Winter came on; the railroad must fur
nish her a oold weather wardrobe. She
oalled for flannels, et cetera. It was my
duty to buy her these thlnga I was yo'ing
and a bachelor, and the saleswoman wbo
sold them to me stared so hard I am
blushing still. Near Chrtaun we found
her willing to settle. Ehe had been invited
to tat&Uy reimloa and wished to show
he new clothes. At las:' I held the siRn"d
release! 1 raid her 11 c.n v homrt nr I
for Joy. Lathering up the rec-'ipts f r
doctors, nurses, hotel h I's. silk klumos.
and so on. I went to hesd iiiflrfrs with tre
whole. The chief looked the papers over
and f iund a fiaw. He asked. "Whre is
the husband's signature? lie can rut In
a c'slm for the lops of hr service" t
protested they would surely be (.atisfled
w.th the haul thev had made Never mind,
it must be had. W got It. but It cost us
The s-rarse settler of the v. est or middle
west, left to his own nature. rKards the
nlver streak which Joins him to th world
and which Is so vital a thing in Ins lift
with a childlike confidence that expiessvs
Itself according to his character. Thus a
farmer I knew In Colorado drove up to the
station, where a mixed train was unload
ing freight. In a hurry to send a dispatch,
he tied his horse to the rear hand rail of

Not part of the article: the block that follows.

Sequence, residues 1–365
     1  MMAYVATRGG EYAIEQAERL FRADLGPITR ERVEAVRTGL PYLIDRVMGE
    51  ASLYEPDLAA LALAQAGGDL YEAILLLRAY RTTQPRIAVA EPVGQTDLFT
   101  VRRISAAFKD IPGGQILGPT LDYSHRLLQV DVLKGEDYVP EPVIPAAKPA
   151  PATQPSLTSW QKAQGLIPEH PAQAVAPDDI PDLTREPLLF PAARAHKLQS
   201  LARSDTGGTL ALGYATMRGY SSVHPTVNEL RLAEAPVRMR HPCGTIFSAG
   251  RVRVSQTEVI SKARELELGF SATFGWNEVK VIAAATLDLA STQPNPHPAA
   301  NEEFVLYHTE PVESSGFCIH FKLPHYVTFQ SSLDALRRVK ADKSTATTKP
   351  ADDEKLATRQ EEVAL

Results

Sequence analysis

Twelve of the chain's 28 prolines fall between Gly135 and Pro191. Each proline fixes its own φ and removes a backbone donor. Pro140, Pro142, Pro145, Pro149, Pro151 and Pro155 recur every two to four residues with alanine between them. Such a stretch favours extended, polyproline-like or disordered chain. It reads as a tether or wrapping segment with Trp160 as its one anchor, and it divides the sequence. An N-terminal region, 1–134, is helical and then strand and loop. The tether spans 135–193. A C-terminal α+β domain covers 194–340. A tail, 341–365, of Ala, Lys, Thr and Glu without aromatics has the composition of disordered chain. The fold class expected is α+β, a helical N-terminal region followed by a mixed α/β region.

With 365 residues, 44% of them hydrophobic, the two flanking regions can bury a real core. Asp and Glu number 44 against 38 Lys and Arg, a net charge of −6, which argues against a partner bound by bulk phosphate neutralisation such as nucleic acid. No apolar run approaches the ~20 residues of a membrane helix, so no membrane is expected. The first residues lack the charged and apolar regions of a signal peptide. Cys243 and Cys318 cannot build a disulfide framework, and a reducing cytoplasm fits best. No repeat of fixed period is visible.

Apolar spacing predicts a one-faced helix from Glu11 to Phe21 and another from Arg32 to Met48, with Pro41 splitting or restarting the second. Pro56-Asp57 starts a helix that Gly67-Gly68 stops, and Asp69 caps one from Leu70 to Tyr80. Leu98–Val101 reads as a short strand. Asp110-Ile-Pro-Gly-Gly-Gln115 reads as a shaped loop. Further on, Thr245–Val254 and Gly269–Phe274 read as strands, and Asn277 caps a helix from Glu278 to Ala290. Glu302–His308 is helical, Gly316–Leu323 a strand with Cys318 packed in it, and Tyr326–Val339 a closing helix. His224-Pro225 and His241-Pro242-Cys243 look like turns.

the coach. In what better care could he
leave old Dobbin? While he was In the
t-tatlon the train pulled slowly out, with
old Dobbin following behind. The speed
Increased, the cattle guard was reached,
the buggy was caught and wrecked, thu
horse slipped the bridle and started for
home, while the train proceeded with the
strap hanging to th.e rail. The farmer
dashed out of the station shouting.
"Where's my horse?" and, after a mo
ment's reflection, added thoughtfully, "I
couldn't have done better; the railroad
will pay me enough to get a better one."
There was a small town where the In
habitants customarily raided the side
tracked coal trains for their fuel. One
night a watchman came upon three of
them filling gunny sacks. Two were
caught The third, who ditched his sack
aud escaped, waa then Justice of the peace.
Next morning the Justice sat on the bench.
The two prisoners were brought before
him. The culprits were confused as to
their course. They hung their heads and
pleaded guilty. Dilemma for the Judge!
He considered a moment then brought his
fist down hard on the desk and shouted,
"Get out of here, you rascals! I wouldn't
believe you under oath!"
BIRD-MEN WANT THE EARTH;
FAT TURSES MUSI BE
Another Porlst Breaks Loose.
"Now, air," said the attorney for the
other side, beginning his cross examina
tion, "you testified that you were handed
1,000 for your vote, didn't you?"
"No, air, I testified nothing of the kind."
"Tou did. sir, if I understand the English
"That's the trouble with you," testily
rejoined the witness: "you don't under
stand the English language. I didn't say 1
was handed 11,000. I said It waa handed
"Silence in the courtroom!" roared the
judge. Chicago Tribune.
adapted by the msjorlty cf a vis tors. Claude
Gi ahanie-Wliite receive! a bonus of 7.x,',
to ap"jar at the Boston meet. His ern-
Demandi for Flying Meets Threaten Eng-jShman received for four' days-
exhl,!VUons st Brockton iMsss i fair. The
,m Baltimore promoters also paid Oiahsme-
ivtrT VP White $1S.0 for a series of exhibitions,
rui vi,.i, . .. ...,.v, ...
carrlng passengers and giving aviation
le?sons. When approached by the manage
ment of the Belmont park meet he de
rrsnded $10,000 for appearance money, de
rpite the fact that he had been selected by